THE SENATE Blue Ribbon Committee chair has filed separate bills seeking to abolish the Procurement Service of the Department of Management and Management (PS-DBM) and mandating stricter screening requirements for bidders in government projects.
Senate Bill 1802, filed on Jan. 30 by Senator Francis N. Tolentino, proposes the dissolution of the PS-DBM based on reports from the Commission on Audit showing disadvantageous contracts entered into by the agency.
The PS-DBM, primarily tasked to operate a centralized procurement system for common office supplies and equipment for government agencies, was also the subject of Senate investigations on procurement contracts for medical supplies and computers flagged by state auditors.
Though the PS-DBM operates on its own income, Mr. Tolentino said “the agency has, for several years already, been tainted with controversies in the performance of its mandate.”
Under the bill, procurement of goods will revert back to the different government departments, bureaus, and other offices, and local government units.
Senate Bill 1803, on the other hand, seeks to amend Republic Act 9184 or the Government Procurement Reform Act to establish more stringent criteria on the eligibility of bidders in the procurement of goods and infrastructure projects for the government.
Mr. Tolentino said the current law “does not provide specific requirements for the qualification of a joint venture as a bidder,” other than those stated under implementing rules and regulations, which simply requires members of the joint venture to be governed by an agreement.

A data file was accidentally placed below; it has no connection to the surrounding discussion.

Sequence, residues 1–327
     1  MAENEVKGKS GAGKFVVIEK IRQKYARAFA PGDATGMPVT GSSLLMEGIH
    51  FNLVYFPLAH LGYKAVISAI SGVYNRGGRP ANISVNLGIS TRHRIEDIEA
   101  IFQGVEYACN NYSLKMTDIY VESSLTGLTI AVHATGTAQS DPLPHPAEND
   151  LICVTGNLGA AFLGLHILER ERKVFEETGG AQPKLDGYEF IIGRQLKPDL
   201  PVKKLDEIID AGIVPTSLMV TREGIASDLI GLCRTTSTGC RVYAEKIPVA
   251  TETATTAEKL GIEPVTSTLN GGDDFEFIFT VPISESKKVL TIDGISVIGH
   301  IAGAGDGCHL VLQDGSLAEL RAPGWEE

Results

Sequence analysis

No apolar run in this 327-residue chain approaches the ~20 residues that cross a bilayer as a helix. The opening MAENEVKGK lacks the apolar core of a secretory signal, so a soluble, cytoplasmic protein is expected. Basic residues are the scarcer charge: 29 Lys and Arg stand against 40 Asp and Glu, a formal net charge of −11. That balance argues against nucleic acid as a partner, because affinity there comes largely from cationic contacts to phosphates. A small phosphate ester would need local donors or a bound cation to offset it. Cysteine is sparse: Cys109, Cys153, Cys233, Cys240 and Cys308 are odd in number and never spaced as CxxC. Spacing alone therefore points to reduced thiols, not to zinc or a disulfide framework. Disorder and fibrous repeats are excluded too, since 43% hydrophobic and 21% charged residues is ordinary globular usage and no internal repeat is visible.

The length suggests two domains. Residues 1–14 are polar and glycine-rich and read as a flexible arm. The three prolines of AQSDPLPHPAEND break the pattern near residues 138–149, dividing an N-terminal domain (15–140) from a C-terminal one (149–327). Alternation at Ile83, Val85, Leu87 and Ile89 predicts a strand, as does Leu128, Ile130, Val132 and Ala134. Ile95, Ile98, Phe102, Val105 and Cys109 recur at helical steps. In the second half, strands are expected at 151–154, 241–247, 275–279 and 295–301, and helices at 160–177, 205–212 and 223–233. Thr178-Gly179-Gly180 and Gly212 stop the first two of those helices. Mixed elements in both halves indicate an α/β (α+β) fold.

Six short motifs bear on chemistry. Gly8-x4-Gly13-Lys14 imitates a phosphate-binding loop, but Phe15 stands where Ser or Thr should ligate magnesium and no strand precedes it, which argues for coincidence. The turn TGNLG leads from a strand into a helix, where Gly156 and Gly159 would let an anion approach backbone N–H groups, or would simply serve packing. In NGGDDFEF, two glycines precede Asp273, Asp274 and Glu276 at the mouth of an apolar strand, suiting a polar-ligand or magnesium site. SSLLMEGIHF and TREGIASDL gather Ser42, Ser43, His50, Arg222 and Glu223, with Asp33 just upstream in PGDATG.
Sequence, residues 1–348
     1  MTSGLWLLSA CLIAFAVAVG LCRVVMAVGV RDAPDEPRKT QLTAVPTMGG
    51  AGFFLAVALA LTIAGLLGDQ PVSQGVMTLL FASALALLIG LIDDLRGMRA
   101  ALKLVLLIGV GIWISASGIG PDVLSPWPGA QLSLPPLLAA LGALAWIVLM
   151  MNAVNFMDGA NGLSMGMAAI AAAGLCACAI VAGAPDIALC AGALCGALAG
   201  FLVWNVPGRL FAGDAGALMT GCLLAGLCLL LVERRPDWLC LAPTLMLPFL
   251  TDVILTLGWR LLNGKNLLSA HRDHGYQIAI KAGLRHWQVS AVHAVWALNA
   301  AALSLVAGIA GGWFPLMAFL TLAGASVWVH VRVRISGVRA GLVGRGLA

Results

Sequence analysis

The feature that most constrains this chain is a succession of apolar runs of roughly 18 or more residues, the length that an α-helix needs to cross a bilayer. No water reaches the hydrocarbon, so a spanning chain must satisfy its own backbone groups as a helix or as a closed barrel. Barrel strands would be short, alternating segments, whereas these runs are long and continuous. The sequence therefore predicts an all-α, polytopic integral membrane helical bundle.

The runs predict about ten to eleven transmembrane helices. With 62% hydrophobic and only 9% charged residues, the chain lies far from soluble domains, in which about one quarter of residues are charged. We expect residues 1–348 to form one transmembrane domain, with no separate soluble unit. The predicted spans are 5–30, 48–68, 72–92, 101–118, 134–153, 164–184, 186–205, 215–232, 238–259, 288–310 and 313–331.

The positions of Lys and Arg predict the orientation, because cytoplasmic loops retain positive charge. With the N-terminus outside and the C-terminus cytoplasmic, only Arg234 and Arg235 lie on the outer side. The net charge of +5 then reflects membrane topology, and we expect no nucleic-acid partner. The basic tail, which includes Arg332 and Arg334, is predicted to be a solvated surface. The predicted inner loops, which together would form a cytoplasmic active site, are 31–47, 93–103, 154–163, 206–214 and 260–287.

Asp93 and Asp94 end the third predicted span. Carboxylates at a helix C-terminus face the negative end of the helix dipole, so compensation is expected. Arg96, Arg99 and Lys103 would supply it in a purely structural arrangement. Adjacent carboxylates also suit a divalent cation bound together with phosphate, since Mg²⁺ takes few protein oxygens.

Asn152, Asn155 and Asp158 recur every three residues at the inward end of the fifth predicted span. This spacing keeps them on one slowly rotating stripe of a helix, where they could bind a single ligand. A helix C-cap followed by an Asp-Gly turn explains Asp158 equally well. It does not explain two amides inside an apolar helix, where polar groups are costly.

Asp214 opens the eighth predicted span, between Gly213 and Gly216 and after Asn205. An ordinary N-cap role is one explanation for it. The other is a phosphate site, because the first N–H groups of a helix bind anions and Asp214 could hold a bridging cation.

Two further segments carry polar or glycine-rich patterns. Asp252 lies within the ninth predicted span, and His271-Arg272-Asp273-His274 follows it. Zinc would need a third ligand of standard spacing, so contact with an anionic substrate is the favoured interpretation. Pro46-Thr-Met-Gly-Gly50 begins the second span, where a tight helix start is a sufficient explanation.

“The gap in the law has opened doors for corporations and entities whose primary purpose is not related to the procurement project to join biddings as long as they partner with bigger companies that have the financial capacity and previous project experience to enter into the project,” the senator said in the bill’s explanatory note.
“This was the case in the laptop procurement project conducted by the Procurement Service Department of Budget and Management for the Department of Education which was flagged by the Commission on Audit for being overpriced,” he said.
If passed, the joint venture must be registered with the Securities and Exchange Commission and specify that the liability of each member will be collective. — Alyssa Nicole O. Tan